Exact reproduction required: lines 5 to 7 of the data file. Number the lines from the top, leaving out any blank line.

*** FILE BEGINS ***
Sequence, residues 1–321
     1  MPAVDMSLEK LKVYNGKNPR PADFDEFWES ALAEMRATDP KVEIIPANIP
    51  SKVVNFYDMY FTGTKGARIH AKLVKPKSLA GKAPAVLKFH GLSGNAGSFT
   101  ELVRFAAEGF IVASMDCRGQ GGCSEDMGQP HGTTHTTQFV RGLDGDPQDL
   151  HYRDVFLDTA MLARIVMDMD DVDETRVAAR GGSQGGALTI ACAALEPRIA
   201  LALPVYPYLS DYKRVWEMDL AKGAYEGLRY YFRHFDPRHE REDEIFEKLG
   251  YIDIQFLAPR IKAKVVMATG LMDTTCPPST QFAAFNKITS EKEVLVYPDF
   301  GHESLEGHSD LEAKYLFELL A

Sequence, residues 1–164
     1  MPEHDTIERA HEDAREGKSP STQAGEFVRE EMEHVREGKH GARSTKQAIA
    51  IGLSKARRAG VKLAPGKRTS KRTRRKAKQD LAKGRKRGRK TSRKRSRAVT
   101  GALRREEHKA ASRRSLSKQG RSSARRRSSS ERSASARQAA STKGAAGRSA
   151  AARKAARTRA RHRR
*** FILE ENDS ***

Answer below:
   151  HYRDVFLDTA MLARIVMDMD DVDETRVAAR GGSQGGALTI ACAALEPRIA
   201  LALPVYPYLS DYKRVWEMDL AKGAYEGLRY YFRHFDPRHE REDEIFEKLG
   251  YIDIQFLAPR IKAKVVMATG LMDTTCPPST QFAAFNKITS EKEVLVYPDF